The NVIDIA GeForce GTX 980 Review: Maxwell Mark 2by Ryan Smith on September 18, 2014 10:30 PM EST
Power, Temperature, & Noise
As always, last but not least is our look at power, temperature, and noise. Next to price and performance of course, these are some of the most important aspects of a GPU, due in large part to the impact of noise. All things considered, a loud card is undesirable unless there’s a sufficiently good reason – or sufficiently good performance – to ignore the noise.
Having already seen the Maxwell architecture in action with the GTX 750 series, the GTX 980 and its GM204 Maxwell 2 GPU have a very well regarded reputation to live up to. GTX 750 Ti shattered old energy efficiency marks, and we expect much the same of GTX 980. After all, NVIDIA tells us that they can deliver more performance than the GTX 780 Ti for less power than the GTX 680, and that will be no easy feat.
|GeForce GTX 980 Voltages|
|GTX 980 Boost Voltage||GTX 980 Base Voltage||GTX 980 Idle Voltage|
We’ll start as always with voltages, which in this case I think makes for one of the more interesting aspects of GTX 980. Despite the fact that GM204 is a pretty large GPU at 398mm2 and is clocked at over 1.2GHz, NVIDIA is still promoting a TDP of just 165W. One way to curb power consumption is to build a processor wide-and-slow, and these voltage numbers are solid proof that NVIDIA has not done that.
With a load voltage of 1.225v, NVIDIA is driving GM204 as hard (if not harder) than any of the Kepler GPUs. This means that all of NVIDIA’s power optimizations – the key to driving 5.2 billion transistors at under 165W – lie with other architectural optimizations the company has made. Because at over 1.2v, they certainly aren’t deriving any advantages from operating at low voltages.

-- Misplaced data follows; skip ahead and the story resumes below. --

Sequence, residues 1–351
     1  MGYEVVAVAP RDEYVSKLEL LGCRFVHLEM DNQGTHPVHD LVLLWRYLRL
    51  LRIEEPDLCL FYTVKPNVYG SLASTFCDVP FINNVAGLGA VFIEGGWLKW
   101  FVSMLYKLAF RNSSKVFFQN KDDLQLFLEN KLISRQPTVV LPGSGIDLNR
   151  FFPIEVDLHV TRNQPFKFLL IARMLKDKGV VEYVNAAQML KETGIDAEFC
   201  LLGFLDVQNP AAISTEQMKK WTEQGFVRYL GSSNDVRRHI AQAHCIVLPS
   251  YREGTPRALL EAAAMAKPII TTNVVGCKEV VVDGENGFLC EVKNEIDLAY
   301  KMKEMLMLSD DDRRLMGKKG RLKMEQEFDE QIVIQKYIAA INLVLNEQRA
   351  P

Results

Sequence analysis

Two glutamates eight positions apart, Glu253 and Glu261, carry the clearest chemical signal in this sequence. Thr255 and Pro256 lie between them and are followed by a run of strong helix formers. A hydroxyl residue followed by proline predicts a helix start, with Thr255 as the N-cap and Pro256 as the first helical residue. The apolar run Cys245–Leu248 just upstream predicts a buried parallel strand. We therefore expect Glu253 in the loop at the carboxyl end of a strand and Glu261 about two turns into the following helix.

Next up, let’s take a look at average clockspeeds. As we alluded to earlier, NVIDIA has maintained the familiar 80C default temperature limit for GTX 980 that we saw on all other high-end GPU Boost 2.0 enabled cards. Furthermore as a result of reinvesting most of their efficiency gains into acoustics, what we are going to see is that GTX 980 still throttles. The question then is by how much.
|GeForce GTX 980 Average Clockspeeds|
|Max Boost Clock||1252MHz|
|TW: Rome 2||
What we find is that while our GTX 980 has an official boost clock of 1216MHz, our sustained benchmarks are often not able to maintain clockspeeds at or above that level. Of our games only Bioshock Infinite, Crysis 3, and Battlefield 4 maintain an average clockspeed over 1200MHz, with everything else falling to between 1151MHz and 1192MHz. This still ends up being above NVIDIA’s base clockspeed of 1126MHz – by nearly 100MHz at times – but it’s clear that unlike our 700 series cards NVIDIA is much more aggressively rating their boost clock. The GTX 980’s performance is still spectacular even if it doesn’t get to run over 1.2GHz all of the time, but I would argue that the boost clock metric is less useful this time around if it’s going to overestimate clockspeeds rather than underestimate. (ed: always underpromise and overdeliver)
Starting as always with idle power consumption, while NVIDIA is not quoting specific power numbers it’s clear that the company’s energy efficiency efforts have been invested in idle power consumption as well as load power consumption. At 73W idle at the wall, our testbed equipped with the GTX 980 draws several watts less than any other high-end card, including the GK104 based GTX 770 and even AMD’s cards. In desktops this isn’t going to make much of a difference, but in laptops with always-on dGPUs this would be helpful in freeing up battery life.